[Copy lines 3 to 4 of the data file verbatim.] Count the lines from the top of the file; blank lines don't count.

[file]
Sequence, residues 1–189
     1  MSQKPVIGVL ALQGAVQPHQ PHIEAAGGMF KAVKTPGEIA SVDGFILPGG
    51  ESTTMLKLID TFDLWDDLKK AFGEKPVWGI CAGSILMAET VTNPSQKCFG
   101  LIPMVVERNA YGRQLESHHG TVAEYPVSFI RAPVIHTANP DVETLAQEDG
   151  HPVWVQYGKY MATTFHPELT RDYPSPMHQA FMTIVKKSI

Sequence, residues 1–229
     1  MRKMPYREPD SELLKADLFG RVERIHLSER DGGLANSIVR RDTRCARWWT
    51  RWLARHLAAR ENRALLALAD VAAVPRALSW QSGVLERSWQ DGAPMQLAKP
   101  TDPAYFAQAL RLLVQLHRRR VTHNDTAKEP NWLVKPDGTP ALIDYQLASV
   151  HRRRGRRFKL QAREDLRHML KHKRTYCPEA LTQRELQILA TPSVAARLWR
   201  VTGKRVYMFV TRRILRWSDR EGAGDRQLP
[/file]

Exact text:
    51  ESTTMLKLID TFDLWDDLKK AFGEKPVWGI CAGSILMAET VTNPSQKCFG
   101  LIPMVVERNA YGRQLESHHG TVAEYPVSFI RAPVIHTANP DVETLAQEDG